| RIO DE JANEIRO
RIO DE JANEIRO May 18 Brazilian prosecutors
said on Monday they would seek at least 50 million reais ($16.6
million) from multinational pesticide manufacturers for alleged
safety violations at a collection facility for used pesticide
The violations, in the west-central farming state of Mato
Grosso, exposed workers at the facility to "risk of
contamination" by toxic farm chemicals, prosecutors said. It is
operated by a local agronomists' association for collection by
Brazil is one of the world's biggest agricultural producers
and its biggest buyer of pesticides, according to Phillips
McDougall, a Scotland-based agricultural consultancy and
research firm. Manufacturers by law are required to provide
so-called "reverse logistics," or channels for safe disposal of
containers for the chemicals they sell.
Prosecutors are seeking the damages from Inpev, an industry
group established by manufacturers to meet the disposal rules,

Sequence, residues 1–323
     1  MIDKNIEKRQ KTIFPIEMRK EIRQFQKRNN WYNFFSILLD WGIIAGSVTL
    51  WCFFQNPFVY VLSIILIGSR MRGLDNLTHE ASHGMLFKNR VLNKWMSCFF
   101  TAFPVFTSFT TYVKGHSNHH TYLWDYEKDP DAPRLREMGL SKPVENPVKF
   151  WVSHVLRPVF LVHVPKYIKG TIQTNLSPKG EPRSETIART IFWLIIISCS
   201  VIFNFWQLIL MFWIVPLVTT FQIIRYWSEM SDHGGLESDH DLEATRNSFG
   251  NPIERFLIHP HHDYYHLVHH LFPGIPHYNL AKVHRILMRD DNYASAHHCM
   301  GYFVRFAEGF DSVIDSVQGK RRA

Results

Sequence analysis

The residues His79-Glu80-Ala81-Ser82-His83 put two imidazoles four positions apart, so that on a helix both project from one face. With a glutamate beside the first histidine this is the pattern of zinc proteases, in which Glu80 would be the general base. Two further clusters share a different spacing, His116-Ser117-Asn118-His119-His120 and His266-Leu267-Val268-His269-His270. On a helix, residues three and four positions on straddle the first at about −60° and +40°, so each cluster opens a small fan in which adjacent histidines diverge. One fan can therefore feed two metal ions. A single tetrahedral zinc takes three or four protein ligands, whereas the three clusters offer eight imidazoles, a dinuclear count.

and the makers of specific pesticides whose containers were
found at the facility during a February inspection.
Those manufacturers, prosecutors said, include the Brazilian
units of BASF, DuPont, Monsanto,
Nufarm, Syngenta, Adama, FMC
In a telephone interview, Joao Cesar Rando, president of
Inpev, said the companies are cooperating with prosecutors but
declined to discuss specific allegations.
During the inspection in Sapezal, a town deep in Brazil's
soy belt, prosecutors said workers were handling pesticide
containers without proper cleaning facilities and safety
equipment. The collection point, they said, gathers about 600
tons of pesticide containers annually.
The charges come as scientists, regulators, public health
officials and consumers increasingly complain that Brazil's
ascent as an agricultural powerhouse has led to unsafe and
excessive use of pesticides.
Reuters reported in April that at least four foreign
manufacturers sell pesticides in Brazil that they are not
allowed to sell in their home markets.
A week later, Brazil's National Cancer Institute issued a
report in which it criticized the reliance of Brazilian growers
on pesticides and echoed concerns by the World Health
Organization that some of the chemicals can cause cancer.
In addition to the 50 million reais sought for the February
violations, prosecutors said they would seek 1 million reais
($331,000) in individual damages for each of the point's seven
Under Brazilian law, which includes a distinct judicial
system for the hearing of labor cases, the charges in Mato
Grosso must be weighed in court.
($1 = 3.02 Brazilian reais)
(Reporting by Paulo Prada; Editing by Dan Grebler)